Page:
Kim Wink gave PG&E written authorization to answer ABC10’s questions for this story, but the company declined because it wanted “to protect the privacy and confidentiality of Steve, and his family,” according to spokesperson Matt Nauman.
“I call bulls —,” Kim Wink said. “I’ve heard a lot of PR crap over the years. I can smell it.”
PG&E wouldn’t say whether it still has that key piece of evidence: the damaged ladder rack.
“There are no do-overs in this,” said Dobersen, the pathologist. “The scene is gone. That was your one chance.”
WATCH THE FULL SERIES: Fire-Power-Money
A CASCADING SERIES OF FAILURES
The mountain of missteps in the case began when the Solano County Sheriff and Coroner’s Office failed to do what the paramedics asked: show up.
ABC10’s report includes audio in which those medics call dispatchers to ask for law enforcement to meet them at the hospital because Steve was already dead en route.
It also includes audio of deputies passing around responsibility for– and then asking to close– the industrial accident investigation of Steve’s death without responding.
“Things that should have been done were not done,” Dobersen said. “Too many unanswered questions. And it's a tragedy upon tragedy.”
“They didn't even look into anything,” Kim Wink said. “I'll never get over this. My family will never get over this. And I pray to God that no one else has to live this nightmare.”
ABC10 obtained footage from an interview that Solano deputies did with Mrs. Wink seven months after her husband died.
In it, deputies admit Steve’s death was “absolutely an industrial accident and it should have been documented.”
‘THEY HAVE BEEN RUTHLESS TO ME’
Despite promising to do what they could to make it right, the Solano County Sheriff and Coroner’s Office has not granted Mrs. Wink’s requests to change the manner of Steve’s death to “accidental” instead of “natural.”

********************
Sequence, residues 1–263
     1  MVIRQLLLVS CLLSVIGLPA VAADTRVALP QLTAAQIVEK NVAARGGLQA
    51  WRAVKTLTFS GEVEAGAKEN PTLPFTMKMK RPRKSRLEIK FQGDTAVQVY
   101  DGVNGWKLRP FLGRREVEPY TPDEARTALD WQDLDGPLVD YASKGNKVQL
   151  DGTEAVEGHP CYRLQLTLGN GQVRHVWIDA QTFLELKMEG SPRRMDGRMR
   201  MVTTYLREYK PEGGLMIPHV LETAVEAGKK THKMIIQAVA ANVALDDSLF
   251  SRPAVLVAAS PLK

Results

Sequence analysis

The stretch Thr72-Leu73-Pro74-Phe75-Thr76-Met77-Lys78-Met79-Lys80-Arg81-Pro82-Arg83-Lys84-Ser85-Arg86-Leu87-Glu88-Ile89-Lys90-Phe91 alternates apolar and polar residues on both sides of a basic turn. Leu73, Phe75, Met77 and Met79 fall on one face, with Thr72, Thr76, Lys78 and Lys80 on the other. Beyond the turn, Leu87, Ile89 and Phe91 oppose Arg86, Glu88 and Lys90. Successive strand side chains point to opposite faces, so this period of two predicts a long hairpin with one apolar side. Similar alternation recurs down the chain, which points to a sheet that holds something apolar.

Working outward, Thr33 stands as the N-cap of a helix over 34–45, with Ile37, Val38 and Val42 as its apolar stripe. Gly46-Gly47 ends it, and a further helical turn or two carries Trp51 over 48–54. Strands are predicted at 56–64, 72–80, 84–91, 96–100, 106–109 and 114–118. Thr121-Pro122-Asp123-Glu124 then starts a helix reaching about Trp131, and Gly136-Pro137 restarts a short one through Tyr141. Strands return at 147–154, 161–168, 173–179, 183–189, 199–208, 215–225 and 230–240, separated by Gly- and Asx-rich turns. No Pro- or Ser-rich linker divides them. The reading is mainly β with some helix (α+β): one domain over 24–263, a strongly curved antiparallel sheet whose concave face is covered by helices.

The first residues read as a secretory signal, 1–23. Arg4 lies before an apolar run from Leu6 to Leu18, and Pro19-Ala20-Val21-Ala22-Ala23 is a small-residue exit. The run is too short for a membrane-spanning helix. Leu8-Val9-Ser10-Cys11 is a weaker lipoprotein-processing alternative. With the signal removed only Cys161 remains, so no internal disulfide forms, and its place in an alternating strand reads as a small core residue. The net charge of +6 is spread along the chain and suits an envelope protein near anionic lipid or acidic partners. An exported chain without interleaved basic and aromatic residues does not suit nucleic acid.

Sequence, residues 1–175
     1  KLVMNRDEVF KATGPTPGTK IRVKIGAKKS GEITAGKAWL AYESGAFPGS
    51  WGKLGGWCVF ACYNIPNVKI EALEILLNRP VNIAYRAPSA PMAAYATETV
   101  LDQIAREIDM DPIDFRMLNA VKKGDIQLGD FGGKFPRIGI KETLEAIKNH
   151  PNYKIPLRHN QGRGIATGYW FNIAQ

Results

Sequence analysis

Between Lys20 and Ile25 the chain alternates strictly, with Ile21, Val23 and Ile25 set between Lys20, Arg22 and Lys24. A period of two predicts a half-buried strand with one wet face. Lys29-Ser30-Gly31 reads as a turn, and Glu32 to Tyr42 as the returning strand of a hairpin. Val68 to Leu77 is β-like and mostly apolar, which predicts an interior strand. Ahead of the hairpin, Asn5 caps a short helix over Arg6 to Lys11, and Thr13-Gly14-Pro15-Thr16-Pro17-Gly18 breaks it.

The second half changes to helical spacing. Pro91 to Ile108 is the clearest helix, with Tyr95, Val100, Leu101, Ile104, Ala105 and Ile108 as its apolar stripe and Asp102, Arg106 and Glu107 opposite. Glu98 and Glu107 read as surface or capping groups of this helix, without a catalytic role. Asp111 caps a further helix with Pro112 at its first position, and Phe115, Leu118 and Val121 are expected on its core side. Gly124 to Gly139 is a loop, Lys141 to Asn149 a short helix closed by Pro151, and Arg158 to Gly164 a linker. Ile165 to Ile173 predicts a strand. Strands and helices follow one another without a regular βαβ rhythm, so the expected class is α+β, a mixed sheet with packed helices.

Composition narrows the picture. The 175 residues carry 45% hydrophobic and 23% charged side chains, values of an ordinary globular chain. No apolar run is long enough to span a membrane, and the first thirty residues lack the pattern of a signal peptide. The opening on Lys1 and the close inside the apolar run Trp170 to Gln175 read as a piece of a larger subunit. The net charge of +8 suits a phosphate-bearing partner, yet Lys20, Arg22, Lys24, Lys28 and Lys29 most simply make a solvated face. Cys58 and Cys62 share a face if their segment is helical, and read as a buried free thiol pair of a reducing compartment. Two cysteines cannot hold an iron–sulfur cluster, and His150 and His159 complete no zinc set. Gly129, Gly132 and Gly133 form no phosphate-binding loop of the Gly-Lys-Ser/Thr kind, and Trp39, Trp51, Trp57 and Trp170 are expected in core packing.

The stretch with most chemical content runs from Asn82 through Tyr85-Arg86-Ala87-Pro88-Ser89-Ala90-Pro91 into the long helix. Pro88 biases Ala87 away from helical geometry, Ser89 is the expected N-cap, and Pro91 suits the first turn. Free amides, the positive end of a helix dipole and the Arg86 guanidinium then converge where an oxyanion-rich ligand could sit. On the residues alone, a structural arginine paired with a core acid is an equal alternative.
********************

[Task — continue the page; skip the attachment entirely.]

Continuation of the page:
The sheriff’s office did not answer when asked why not.
Kim Wink pleaded for help that she needed to fight PG&E, hoping to receive the full benefits she should have gotten as the spouse of a worker who died on duty.
“They have been ruthless to me,” Kim Wink told deputies. “I've lost my husband, I've lost his income. I lost his pension. I lost my medical, dental, vision.”
Solano County Sheriff’s office spokesperson Rex Hawkins replied to our initial request for comment by providing false statements to ABC10.
His email mischaracterized fundamental facts of the case, including the location where Steve Wink was pronounced dead and how his death was reported to deputies.
When asked why it provided the false information, the sheriff’s office did not answer.
Although line-level PG&E employees did grant interviews to deputies, PG&E corporate refused to cooperate when asked about Steve’s death.
Deputies reported receiving a phone call during their investigation from PG&E lawyer Barbara Thornhill, who “informed [deputies] PG&E could provide no information to me without a subpoena or search warrant.”
More felony charges are pending in Shasta County, including four felony counts of manslaughter, for the 2020 Zogg Fire. It burned the month after Steve’s death.
PG&E wouldn’t say whether Steve was among the five worker deaths reported to shareholders in 2020 or why he was allowed to perform his job alone in an active fire zone.
Steve Wink was a troubleman, a role the industry often refers to as its “first responders.” They find problems on the power grid and determine what’s needed to fix them.
“He worked 37 years for this company and died on the job,” Mrs. Wink told deputies. “I don't think you would treat one of your own like that.”